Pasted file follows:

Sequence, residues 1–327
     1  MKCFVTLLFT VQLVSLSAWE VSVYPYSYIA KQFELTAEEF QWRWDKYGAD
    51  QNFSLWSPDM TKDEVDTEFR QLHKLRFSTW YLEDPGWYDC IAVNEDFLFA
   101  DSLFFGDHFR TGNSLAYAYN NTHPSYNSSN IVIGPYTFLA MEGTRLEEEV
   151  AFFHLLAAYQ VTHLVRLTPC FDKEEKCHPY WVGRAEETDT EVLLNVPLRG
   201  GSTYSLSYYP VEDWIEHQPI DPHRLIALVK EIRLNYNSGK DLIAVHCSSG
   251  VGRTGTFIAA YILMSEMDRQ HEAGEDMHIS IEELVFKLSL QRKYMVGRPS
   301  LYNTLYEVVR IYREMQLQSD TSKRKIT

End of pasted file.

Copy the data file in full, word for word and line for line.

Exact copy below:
Sequence, residues 1–327
     1  MKCFVTLLFT VQLVSLSAWE VSVYPYSYIA KQFELTAEEF QWRWDKYGAD
    51  QNFSLWSPDM TKDEVDTEFR QLHKLRFSTW YLEDPGWYDC IAVNEDFLFA
   101  DSLFFGDHFR TGNSLAYAYN NTHPSYNSSN IVIGPYTFLA MEGTRLEEEV
   151  AFFHLLAAYQ VTHLVRLTPC FDKEEKCHPY WVGRAEETDT EVLLNVPLRG
   201  GSTYSLSYYP VEDWIEHQPI DPHRLIALVK EIRLNYNSGK DLIAVHCSSG
   251  VGRTGTFIAA YILMSEMDRQ HEAGEDMHIS IEELVFKLSL QRKYMVGRPS
   301  LYNTLYEVVR IYREMQLQSD TSKRKIT